Lot 7
  • 7

John William Godward, R.B.A.

250,000 - 350,000 USD
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  • John William Godward, R.B.A.
  • The Fragrant Rose
  • signed J.W. GODWARD. and dated 92. (lower left)
  • oil on canvas
  • 50 by 35 1/2 in.
  • 127 by 90.2 cm


Thomas McLean, London (1892)
C.G. Sloane, Washington, D.C. (by circa 1976)
LeRoy Carson (and sold, Sotheby Parke Bernet, New York, October 7, 1977, lot 282, illustrated)
Williams & Son, London (acquired at the above sale)
Mitsukoshi, Japan (acquired from the above, December 1978)
Acquired from the above


London, Thomas McLean, 1892, no. 30


Vern G. Swanson, John William Godward: The Eclipse of Classicism, Suffolk, 1997, p. 186, no. 1892.15, illustrated


The following condition report was kindly provided by Simon Parkes Art Conservation, Inc.: This work is in excellent condition. The canvas has a lining applied with wax. The surface is stable. The paint layer is clean and varnished. Although some of the original pigment reads slightly darker under ultraviolet light, particularly in the purple sash in the lower right, no retouches are apparent. The work should be hung as is.
In response to your inquiry, we are pleased to provide you with a general report of the condition of the property described above. Since we are not professional conservators or restorers, we urge you to consult with a restorer or conservator of your choice who will be better able to provide a detailed, professional report. Prospective buyers should inspect each lot to satisfy themselves as to condition and must understand that any statement made by Sotheby's is merely a subjective qualified opinion.

Catalogue Note

The model for The Fragrant Rose is Lily Pettigrew, one of the famous "sisters Pettigrew" (Harriet, Lillian and Rose), celebrated for their beauty and well-known as artist’s models in London. They posed for John Everett Millais, James McNeil Whistler, John Singer Sargent, and Edward John Poynter, among others, their features synonymous with the Pre-Raphaelite aesthetic. The youngest sister, Rose, remembered Lily as the most beautiful of the three girls: “My sister Lily was lovely… She had [the] most beautiful curly red gold hair, violet eyes, a beautiful mouth, classic nose and beautifully shaped face, long neck, well set, and a most exquisite figure; in fact, she was perfection” (as quoted in Swanson, p. 27). John William Godward, it appears, always painted an exact likeness of his models, rather than altering them or creating composite figures, and this allows for comparison with photographs of Lily in the Edward Linley Sambourne collection held at Leighton House (fig. 1). Upon viewing the present work, Lily’s great nephew, Neil Pettigrew, confirms that the likeness is hers. Lily was Godward's favorite model, sitting for him no less than five times in 1892 and at least four times in 1893. In these paintings there is evidence that Godward was romantically involved with Lily (or that he wanted to be) and in his painting, Yes or No? (fig. 2) Lily is seen with a man, believed to be a rare self-portrait of the artist. In 1892, when the present work was painted, Godward was poised on the brink of his great career. He had exhibited two oils at the Royal Academy the previous year, Sweet Siesta of a Summer Day (see lot 39) and Clymene (1891, location unknown, also featuring Lily as model), earning him critical accolades. As seen in Clymene, Godward excelled at single-figure compositions and unlike his pictures from the 1880s, which presented anecdotal narratives within architectural settings, those from the 1890s held an Aesthetic focus. With their brilliant coloration and solid compositions, these works present a more abstract suggestion of mood and subject and are similar to those of Godward's artistic hero, Frederic, Lord Leighton. Paintings like Leighton's Lachrymae (The Metropolitan Museum of Art, New York) and Flaming June (Museo de Arte de Ponce, Puerto Rico) appear to have been the precedent for Godward's solitary women in marble settings. In The Fragrant Rose, Godward has scaled his canvas to be among his largest, with her three-quarter length figure essentially presented in life-size. Behind her is a budding oleander and richly painted Mediterranean landscape overlooking an azure bay, a harmonious paradise where flowers bloom, the sun always shines, and lapping waves are faintly heard from far below.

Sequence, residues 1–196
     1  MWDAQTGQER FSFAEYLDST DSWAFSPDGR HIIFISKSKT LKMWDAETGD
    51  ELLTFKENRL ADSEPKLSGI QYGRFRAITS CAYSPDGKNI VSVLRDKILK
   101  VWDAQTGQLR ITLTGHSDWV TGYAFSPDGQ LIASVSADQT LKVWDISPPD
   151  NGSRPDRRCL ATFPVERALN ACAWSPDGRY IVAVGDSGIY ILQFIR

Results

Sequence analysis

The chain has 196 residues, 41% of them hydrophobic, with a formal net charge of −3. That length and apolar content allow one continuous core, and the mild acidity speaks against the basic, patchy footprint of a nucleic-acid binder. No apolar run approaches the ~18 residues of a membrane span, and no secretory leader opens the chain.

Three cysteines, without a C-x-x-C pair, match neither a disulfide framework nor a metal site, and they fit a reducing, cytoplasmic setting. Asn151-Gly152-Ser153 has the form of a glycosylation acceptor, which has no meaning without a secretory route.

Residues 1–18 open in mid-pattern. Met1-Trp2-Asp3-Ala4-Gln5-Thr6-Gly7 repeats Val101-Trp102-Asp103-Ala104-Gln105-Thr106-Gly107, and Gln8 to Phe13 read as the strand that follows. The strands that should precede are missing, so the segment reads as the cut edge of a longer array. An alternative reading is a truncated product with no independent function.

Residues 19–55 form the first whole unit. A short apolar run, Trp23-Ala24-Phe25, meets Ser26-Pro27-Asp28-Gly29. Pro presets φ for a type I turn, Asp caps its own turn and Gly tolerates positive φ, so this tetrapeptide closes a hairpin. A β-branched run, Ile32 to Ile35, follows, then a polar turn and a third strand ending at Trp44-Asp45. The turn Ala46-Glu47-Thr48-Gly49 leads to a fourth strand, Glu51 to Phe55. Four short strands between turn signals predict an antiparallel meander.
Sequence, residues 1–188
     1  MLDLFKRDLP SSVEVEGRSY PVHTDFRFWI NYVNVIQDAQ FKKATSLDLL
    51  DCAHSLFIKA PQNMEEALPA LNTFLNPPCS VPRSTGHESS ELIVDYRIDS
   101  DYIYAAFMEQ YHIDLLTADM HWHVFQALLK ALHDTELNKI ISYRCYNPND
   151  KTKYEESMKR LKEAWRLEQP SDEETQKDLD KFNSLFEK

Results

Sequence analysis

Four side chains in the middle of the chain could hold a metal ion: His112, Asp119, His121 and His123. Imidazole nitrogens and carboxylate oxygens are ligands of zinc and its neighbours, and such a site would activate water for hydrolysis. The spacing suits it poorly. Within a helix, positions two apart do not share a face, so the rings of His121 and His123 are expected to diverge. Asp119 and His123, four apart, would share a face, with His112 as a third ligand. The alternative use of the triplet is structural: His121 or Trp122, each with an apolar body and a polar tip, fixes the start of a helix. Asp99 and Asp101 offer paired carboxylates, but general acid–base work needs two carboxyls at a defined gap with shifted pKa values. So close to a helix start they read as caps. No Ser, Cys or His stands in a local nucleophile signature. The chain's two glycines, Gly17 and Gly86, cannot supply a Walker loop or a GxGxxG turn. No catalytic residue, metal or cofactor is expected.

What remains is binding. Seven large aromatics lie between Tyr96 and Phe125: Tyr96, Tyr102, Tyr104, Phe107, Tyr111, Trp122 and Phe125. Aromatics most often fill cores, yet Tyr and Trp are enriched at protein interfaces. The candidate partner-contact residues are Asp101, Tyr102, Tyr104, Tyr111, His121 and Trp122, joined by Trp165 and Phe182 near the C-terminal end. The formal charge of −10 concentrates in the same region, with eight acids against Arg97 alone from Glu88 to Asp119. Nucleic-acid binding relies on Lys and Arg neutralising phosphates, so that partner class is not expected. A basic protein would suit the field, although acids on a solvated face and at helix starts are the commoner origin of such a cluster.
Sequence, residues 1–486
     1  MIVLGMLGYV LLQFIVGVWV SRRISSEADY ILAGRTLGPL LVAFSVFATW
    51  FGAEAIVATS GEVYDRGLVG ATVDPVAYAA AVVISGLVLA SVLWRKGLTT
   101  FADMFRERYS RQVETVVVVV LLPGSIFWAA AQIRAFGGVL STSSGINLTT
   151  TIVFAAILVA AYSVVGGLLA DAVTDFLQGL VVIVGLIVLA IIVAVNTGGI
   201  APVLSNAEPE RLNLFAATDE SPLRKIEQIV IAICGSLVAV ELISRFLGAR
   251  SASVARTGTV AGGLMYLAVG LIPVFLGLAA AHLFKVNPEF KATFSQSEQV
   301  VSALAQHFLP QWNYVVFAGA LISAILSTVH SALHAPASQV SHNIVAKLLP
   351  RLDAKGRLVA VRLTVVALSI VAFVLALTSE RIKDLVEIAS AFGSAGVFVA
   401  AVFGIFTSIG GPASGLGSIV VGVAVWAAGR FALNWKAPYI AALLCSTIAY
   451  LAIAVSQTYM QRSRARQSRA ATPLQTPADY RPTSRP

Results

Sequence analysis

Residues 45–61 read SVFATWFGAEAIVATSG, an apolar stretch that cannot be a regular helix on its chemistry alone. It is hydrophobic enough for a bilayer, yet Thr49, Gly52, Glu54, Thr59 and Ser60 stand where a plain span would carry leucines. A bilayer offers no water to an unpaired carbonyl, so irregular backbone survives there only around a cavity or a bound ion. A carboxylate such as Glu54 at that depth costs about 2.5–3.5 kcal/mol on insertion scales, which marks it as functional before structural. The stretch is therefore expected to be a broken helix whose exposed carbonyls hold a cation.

From the very beginning of his career, Godward was an exacting researcher, sourcing every element of his paintings from public collections or from photographs and objects that he acquired himself, which would reappear in multiple compositional arrangements. Here the model’s golden peplos (also seen in Clymene) is belted with a ribbon that is dyed in expensive Tyrian purple, which was extracted from snails. At her shoulder are circular brooches made of garnet cabochons mounted in gold with filigree decoration, likely Victorian in Etruscan-style. The artist contrasts these vivid details with the expertly rendered three-dimensionality of the cool, white frieze, a detail of a horseman from the Parthenon (fig. 3), part of the Elgin Marbles held in the Duveen Gallery at the British Museum. Recognized as the “master of marble,” Godward lavishes attention on his depiction of the material, and treats these elements as if they are broad planes of gemstones in variegated hues, as seen in the verde antico at lower left.

We would like to thank Neil Pettigrew for his contribution to this catalogue entry.